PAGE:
Even an apparently simple crustose lichen has exquisite detail when magnified. Hand lenses are also great for observing moss, insects, rocks, and plants. If you are interested in botany, hand lenses are very useful for identifying plants to the species level. A decent hand lens can be purchased for as little as $15 and a nice one for about $40 (I’m fond of the Belomo 10x Triplet loupe). When purchasing one, all you need is 10x magnification. Higher magnifications can be useful, but they come with major compromises in light and viewing area. As a bonus, if you hold the hand lens up to your phone camera you can take incredible “macro” photos, which are useful if you use apps like iNaturalist for identifying organisms.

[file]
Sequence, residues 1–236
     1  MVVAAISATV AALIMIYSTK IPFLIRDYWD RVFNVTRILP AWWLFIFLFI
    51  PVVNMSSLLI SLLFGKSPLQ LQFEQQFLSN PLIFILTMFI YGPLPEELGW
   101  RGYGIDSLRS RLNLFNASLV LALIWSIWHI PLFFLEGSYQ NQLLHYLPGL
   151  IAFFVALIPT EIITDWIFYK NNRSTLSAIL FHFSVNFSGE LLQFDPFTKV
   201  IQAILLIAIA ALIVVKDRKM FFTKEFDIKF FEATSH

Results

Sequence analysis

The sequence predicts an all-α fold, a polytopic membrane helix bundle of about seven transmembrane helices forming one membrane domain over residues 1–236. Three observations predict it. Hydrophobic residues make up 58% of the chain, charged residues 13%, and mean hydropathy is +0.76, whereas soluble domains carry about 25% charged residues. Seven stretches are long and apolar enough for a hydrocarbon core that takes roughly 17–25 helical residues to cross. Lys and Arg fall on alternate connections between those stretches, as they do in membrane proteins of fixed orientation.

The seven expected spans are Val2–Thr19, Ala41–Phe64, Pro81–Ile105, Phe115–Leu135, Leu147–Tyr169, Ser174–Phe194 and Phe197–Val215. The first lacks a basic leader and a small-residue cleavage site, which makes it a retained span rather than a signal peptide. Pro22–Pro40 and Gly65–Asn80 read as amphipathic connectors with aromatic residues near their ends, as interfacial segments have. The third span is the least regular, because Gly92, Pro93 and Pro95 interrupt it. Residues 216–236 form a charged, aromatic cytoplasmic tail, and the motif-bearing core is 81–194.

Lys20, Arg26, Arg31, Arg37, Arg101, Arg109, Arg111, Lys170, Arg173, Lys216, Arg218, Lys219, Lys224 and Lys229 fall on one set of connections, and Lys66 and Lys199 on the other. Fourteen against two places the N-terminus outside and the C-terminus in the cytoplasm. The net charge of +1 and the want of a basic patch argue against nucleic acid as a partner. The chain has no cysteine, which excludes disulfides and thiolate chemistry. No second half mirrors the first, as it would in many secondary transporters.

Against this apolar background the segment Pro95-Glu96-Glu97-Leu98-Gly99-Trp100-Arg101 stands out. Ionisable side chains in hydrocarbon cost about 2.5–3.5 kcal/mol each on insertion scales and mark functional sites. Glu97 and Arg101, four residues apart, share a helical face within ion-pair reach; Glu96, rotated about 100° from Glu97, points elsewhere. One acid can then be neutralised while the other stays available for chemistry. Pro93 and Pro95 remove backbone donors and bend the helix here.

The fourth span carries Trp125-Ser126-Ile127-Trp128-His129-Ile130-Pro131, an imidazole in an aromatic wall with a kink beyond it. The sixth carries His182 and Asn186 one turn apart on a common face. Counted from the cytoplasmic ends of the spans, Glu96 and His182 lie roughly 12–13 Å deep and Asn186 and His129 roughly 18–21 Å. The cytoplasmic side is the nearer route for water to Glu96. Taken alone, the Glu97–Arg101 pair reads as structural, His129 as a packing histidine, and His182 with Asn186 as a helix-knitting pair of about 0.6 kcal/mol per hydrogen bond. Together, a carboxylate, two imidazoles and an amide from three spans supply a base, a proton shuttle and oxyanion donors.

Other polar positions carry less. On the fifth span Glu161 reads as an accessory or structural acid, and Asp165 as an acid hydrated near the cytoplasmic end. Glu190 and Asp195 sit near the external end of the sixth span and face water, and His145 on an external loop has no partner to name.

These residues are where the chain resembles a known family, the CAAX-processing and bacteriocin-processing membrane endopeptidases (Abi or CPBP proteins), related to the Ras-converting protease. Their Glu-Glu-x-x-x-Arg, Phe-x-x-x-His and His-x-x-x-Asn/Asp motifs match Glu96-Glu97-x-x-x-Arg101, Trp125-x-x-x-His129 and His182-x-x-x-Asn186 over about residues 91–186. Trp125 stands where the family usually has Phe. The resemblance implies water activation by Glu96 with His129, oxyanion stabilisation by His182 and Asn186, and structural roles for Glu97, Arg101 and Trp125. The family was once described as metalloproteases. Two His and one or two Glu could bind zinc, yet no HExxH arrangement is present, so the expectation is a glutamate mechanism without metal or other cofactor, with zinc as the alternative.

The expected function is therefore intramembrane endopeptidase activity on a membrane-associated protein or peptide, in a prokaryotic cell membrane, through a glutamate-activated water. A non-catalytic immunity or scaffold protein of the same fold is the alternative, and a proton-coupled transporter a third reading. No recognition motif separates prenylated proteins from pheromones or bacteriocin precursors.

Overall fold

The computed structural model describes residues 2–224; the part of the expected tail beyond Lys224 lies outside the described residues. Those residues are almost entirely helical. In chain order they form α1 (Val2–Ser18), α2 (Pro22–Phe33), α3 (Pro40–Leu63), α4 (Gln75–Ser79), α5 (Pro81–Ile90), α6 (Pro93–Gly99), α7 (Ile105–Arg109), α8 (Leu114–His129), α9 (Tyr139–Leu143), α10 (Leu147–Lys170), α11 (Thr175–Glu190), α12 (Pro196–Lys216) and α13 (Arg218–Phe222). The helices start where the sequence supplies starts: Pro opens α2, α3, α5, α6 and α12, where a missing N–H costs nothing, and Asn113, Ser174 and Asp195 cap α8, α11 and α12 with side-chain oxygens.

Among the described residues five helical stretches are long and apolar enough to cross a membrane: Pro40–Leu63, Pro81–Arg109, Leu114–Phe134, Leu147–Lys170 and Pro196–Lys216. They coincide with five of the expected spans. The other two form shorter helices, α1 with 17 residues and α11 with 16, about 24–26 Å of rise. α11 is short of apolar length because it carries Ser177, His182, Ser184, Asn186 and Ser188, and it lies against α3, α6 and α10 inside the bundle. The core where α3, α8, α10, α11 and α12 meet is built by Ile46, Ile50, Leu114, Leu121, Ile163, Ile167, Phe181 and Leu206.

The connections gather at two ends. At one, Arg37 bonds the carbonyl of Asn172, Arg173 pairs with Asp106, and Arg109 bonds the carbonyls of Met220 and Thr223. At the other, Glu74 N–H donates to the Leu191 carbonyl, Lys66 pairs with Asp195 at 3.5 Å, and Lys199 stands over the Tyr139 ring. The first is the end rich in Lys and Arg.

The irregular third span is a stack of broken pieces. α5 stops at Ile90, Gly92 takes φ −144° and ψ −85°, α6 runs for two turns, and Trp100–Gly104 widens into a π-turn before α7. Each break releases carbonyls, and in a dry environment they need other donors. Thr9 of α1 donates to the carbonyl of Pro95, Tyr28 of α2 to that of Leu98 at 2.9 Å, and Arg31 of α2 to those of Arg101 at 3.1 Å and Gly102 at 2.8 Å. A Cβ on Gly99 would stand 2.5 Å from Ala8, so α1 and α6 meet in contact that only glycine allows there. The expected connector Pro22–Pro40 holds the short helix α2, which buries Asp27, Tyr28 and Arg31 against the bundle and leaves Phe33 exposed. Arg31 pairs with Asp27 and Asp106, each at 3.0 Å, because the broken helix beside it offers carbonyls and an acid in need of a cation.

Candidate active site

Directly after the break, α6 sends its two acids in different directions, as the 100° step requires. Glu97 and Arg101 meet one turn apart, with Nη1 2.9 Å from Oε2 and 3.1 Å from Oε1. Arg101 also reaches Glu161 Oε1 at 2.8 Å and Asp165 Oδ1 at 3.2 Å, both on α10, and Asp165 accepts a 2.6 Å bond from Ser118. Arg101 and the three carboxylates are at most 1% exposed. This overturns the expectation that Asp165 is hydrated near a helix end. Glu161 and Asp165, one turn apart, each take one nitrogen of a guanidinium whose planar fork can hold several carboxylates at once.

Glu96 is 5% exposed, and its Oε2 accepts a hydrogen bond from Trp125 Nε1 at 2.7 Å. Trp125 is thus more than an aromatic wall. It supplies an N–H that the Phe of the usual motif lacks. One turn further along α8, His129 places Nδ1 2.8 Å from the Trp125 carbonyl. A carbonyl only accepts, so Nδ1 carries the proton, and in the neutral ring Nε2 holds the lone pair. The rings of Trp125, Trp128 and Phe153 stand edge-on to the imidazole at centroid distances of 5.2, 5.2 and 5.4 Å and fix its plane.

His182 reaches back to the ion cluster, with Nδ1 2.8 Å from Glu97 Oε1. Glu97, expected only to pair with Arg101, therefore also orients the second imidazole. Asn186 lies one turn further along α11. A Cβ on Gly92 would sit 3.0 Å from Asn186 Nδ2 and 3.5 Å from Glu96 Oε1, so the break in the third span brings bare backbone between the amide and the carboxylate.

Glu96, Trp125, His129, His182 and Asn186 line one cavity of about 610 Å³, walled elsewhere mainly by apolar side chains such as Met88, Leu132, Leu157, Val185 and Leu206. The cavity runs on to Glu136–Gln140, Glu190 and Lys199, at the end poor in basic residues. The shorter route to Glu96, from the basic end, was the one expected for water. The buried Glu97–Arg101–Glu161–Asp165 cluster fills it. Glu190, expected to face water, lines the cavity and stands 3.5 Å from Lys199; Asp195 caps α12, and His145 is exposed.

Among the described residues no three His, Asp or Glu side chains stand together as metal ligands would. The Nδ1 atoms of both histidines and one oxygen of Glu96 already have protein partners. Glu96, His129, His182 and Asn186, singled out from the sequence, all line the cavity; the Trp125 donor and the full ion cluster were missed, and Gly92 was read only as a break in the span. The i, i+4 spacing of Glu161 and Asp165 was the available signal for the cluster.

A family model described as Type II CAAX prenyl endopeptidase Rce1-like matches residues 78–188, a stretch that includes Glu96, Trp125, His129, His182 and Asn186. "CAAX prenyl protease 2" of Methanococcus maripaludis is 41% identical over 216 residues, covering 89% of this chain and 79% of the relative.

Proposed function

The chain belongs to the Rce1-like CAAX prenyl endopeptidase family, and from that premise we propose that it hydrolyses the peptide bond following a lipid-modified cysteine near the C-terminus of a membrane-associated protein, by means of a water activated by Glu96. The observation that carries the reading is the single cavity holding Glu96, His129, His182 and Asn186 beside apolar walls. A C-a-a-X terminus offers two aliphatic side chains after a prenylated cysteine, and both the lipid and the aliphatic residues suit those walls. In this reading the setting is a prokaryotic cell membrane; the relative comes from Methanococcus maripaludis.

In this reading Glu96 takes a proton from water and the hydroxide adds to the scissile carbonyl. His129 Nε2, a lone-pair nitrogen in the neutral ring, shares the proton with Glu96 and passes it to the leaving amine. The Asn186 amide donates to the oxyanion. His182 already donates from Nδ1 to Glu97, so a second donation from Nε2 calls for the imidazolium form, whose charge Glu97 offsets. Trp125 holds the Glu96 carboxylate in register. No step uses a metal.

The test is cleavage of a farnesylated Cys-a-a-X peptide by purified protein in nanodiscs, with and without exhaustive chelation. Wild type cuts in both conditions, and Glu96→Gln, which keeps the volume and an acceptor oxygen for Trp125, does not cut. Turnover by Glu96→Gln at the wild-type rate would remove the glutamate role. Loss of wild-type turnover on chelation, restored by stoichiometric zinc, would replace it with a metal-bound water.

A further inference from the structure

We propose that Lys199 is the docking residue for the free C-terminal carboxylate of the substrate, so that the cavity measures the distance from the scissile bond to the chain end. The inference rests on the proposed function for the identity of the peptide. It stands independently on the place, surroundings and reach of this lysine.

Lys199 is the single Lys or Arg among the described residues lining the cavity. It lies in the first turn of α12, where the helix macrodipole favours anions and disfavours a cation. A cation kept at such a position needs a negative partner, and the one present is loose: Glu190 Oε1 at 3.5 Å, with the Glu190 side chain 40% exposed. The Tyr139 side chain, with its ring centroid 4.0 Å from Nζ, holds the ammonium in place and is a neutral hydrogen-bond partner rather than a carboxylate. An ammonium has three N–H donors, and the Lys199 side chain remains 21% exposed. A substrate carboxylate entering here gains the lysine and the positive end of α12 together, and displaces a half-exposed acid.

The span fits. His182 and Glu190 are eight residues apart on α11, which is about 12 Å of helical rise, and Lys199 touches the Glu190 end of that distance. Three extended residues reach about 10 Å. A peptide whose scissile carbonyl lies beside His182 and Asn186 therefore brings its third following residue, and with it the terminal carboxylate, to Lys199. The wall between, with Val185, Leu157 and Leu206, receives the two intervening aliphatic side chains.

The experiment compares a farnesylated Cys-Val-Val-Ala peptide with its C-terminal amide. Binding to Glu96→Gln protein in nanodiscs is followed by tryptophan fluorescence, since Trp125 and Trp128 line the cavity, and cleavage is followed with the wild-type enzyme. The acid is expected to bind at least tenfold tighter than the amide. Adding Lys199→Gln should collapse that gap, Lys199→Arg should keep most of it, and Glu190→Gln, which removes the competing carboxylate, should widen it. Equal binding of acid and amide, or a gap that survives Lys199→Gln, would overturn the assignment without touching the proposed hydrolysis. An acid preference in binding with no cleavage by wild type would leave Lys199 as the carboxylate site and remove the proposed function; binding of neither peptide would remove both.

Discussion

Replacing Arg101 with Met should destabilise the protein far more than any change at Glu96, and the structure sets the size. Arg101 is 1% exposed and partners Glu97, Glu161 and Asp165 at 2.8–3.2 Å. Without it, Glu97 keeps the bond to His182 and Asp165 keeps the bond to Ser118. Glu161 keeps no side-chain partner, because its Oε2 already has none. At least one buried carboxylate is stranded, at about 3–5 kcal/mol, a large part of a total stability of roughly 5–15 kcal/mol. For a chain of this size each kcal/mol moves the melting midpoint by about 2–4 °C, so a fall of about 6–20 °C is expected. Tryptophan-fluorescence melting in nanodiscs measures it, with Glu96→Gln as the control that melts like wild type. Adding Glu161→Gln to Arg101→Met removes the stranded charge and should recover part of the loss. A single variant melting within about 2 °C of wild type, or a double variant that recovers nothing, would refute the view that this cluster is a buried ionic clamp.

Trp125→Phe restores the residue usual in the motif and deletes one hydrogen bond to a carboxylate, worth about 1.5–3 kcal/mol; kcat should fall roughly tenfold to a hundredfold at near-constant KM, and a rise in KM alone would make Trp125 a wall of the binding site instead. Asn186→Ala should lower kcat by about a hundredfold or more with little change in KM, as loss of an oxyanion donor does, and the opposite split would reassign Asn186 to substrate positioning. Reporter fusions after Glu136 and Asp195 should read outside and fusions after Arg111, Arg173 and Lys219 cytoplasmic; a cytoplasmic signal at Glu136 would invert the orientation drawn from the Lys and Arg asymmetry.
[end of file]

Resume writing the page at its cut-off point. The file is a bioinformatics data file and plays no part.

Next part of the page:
In addition to a hand lens, a field guide like Macrolichens of the Pacific Northwest by Bruce McCune and Linda Geiser is invaluable for understanding what you’re looking at. If you want to go deeper, an excellent reference for lichens of the San Juan archipelago is The Lichens of the Coastal Douglas-fir Dry Subzone of British Columbia, by Willa Jane Noble.

Next time you’re outside, take a moment to appreciate the rich, microcosmic world of lichens surrounding you. If you’re like me, you won’t be able to help it.

Lichen Biology, ed. Thomas H. Nash III., Cambridge University Press, 2010
Macrolichens of the Pacific Northwest, Bruce McCune and Linda Geiser, OSU Press, 2014
Common Macrolichens of the Pacific Northwest, Bruce McCune and Sunia Yang,, 2019-2021

Lobaria pulmonaria (tree lungwort)

Usnea quasirigida (eyed beard)

Peltigera species

Cladonia furcata (possibly)

Letharia vulpina (wolf lichen)

Xanthoria parientina (Maritime sunburst lichen)

Sphaerophorus tuckermanii (clustered coral lichen)

Xanthoparmelia cumberlandia

(Cumberland rock shield)